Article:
First, through the heroic effort of V.S. Sukthankar, who, as the first general editor, created the Critical Edition of the Mahabharata, published by the Pune-based Bhandarkar Oriental Research Institute. Supported by fellow scholars and adventurers who continued Sukthankar’s work, including the use of mathematical methods to arrive at the precise text, one parva after another, one verse at a time, the scholars consulted 1,259 manuscripts over five decades to release the complete Critical Edition in September 1966. Until then, there were multiple recensions of the text from all over India, with varying narratives and details.

Through the Critical Edition, Sukthankar established the definitive text, the earliest source from which all surviving manuscripts were copied, which scholars call the ‘archetype’. This text has not only put out the final word – including, for instance, the fact that the Mahabharata has 73,569 verses across 1,995 chapters, plus an additional 6,073 verses in 118 chapters in its Harivamsha appendix — but also preserved all the regional recensions in the form of a gigantic apparatus of variant readings and additional episodes. Many of these manuscripts have since been lost, so the Critical Edition now represents the Mahabharata and through it the intellectual and material heritage of India. This must now be preserved in every form, using every available technology.

Second, the conversion of this text from Sanskrit into English for a wider reach, access, critical examination. The first attempt at translating the Critical Edition was by J.A.B. van Buitenen at the University of Chicago, who between 1973 and 1978 published five volumes till Virata Parva, and remains a work in progress under his successor James L. Fitzgerald. Other major translations have come from the Clay Sanskrit Library that began the translation of the Kinjawadekar Edition in 2006 but abandoned it in three years. Of course, the earliest attempted English translation of the Mahabharata remains the Calcutta Edition, first by Kisari Mohan Ganguly in 1896 and followed by Manmatha Nath Dutt in 1905. More recently Bibek Debroy has successfully translated all the volumes of the Critical Edition and made it accessible to the lay reader, a herculean effort spread over four years of intense work that concluded in 2014.

And third, using the Critical Edition as a base and deep scholarship as a tool, reframing the narrative such that the Mahabharata returns to where it belongs – a timeless-seamless flow of the story in its mundane, ethical and metaphysical planes, containing every aspect of the Indian experience in it. In the war of interpretation of the Mahabharata, Vishwa Adluri and Joydeep Bagchee through rigorous study have explored the idea of the scientific method in the human sciences (The Nay Science in 2014) and the history of Western interpretive approaches to the Mahabharata and their evaluation in terms of their intellectual cogency using textual criticism (Philology and Criticism in 2018). Together, these two books give us robust arguments about the Mahabharata, expose the biases of Western scholarship that has dominated the intellectual discourse around it, and motivate us towards deeper understanding and further explorations.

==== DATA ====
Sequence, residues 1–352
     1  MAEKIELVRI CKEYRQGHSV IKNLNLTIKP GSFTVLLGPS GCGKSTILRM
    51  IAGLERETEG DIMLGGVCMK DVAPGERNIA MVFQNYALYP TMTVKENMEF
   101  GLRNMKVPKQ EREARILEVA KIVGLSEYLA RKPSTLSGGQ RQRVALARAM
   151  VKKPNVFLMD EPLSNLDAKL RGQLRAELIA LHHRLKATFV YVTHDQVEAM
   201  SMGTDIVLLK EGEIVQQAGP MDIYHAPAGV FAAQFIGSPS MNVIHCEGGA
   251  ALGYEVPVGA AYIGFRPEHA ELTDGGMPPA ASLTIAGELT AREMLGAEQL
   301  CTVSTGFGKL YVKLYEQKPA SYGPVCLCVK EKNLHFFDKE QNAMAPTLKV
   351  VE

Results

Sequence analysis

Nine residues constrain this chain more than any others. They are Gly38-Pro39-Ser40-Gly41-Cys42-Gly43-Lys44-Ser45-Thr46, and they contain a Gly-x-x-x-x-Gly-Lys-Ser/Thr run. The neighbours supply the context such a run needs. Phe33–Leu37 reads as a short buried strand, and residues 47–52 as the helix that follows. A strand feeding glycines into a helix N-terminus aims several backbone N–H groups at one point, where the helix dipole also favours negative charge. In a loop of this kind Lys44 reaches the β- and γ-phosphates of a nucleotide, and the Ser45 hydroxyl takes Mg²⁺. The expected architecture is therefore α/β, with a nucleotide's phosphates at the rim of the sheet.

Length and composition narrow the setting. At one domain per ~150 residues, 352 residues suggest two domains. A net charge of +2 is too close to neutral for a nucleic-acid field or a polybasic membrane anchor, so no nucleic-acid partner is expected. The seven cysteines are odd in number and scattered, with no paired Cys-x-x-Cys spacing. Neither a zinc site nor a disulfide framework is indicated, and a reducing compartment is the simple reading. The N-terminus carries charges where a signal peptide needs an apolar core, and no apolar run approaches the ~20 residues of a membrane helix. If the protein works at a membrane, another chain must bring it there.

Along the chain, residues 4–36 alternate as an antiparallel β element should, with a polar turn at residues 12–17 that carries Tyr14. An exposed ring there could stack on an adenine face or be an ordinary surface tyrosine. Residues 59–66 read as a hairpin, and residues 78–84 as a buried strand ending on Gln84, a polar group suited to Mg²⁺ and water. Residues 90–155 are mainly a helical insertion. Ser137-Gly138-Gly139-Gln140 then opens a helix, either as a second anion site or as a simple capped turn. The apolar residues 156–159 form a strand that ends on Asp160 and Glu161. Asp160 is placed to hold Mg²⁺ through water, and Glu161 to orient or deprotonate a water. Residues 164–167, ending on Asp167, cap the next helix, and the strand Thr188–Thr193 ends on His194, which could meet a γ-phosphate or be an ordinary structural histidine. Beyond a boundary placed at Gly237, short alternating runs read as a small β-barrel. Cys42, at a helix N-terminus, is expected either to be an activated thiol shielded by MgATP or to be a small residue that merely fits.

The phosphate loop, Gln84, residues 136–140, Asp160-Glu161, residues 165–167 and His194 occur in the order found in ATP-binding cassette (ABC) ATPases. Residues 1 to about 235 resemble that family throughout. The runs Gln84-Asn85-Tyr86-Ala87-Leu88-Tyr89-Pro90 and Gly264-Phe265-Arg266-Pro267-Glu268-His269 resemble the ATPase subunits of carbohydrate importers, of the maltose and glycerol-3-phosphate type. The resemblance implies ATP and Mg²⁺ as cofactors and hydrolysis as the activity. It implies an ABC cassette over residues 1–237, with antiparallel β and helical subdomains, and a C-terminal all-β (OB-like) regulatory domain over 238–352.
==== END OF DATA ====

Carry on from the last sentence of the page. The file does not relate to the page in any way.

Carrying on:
All three – Sukthankar’s text, Debroy’s translation and the Adluri-Bagchee resituating – are tools to recover the Mahabharata. In a modern Mahabharata of sorts, a war of ideas and views fought on an intellectual Kurukshetra between the dominant Western and Leftist views on the one side and the Indian tradition on the other, truth, a complex one, has finally emerged. Sukthankar revealed the text in its entirety with meticulous line-by-line comparisons, the manuscript stemmas or the relationships between a text and its various versions, and delivered to us the final word. Debroy made it accessible to the English reader, in a more contemporary language. And finally, Adluri-Bagchee framed their arguments to illustrate that the Indian intellectual tradition has the means and knowledge to interpret its texts in its own way, recognising the philosophical-logical path of Adi Shankaracharya.

The 20th century saw Mahabharata scholarship being snatched away from India to the West, and then shredded and discarded argue Adluri and Bagchee in their Philology and Criticism. Here were born theories of contamination, ideas of reconstruction, arguments of a single manuscript. This line of thinking had reduced the Mahabharata to an extension of Brahminism, the original story nothing more than a fratricidal struggle for kingdom, the light-skinned and handsome invaders from the north who brought culture to a dark, weak, ugly, savage people who needed to be civilised. It was conveyed that the text is little more than an expression of several hands that have twisted and moulded the story of invaders and made it Indian.